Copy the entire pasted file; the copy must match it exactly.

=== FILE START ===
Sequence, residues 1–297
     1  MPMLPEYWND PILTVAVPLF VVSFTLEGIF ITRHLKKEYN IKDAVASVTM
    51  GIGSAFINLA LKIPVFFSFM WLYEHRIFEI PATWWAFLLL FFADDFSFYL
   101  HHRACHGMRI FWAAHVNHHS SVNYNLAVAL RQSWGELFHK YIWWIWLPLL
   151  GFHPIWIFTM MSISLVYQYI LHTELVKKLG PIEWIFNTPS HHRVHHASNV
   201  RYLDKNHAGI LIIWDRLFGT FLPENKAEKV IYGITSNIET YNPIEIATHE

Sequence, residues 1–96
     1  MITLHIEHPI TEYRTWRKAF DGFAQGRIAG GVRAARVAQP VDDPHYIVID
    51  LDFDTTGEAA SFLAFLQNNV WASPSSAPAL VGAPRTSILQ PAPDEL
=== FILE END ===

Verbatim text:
Sequence, residues 1–297
     1  MPMLPEYWND PILTVAVPLF VVSFTLEGIF ITRHLKKEYN IKDAVASVTM
    51  GIGSAFINLA LKIPVFFSFM WLYEHRIFEI PATWWAFLLL FFADDFSFYL
   101  HHRACHGMRI FWAAHVNHHS SVNYNLAVAL RQSWGELFHK YIWWIWLPLL
   151  GFHPIWIFTM MSISLVYQYI LHTELVKKLG PIEWIFNTPS HHRVHHASNV
   201  RYLDKNHAGI LIIWDRLFGT FLPENKAEKV IYGITSNIET YNPIEIATHE

Sequence, residues 1–96
     1  MITLHIEHPI TEYRTWRKAF DGFAQGRIAG GVRAARVAQP VDDPHYIVID
    51  LDFDTTGEAA SFLAFLQNNV WASPSSAPAL VGAPRTSILQ PAPDEL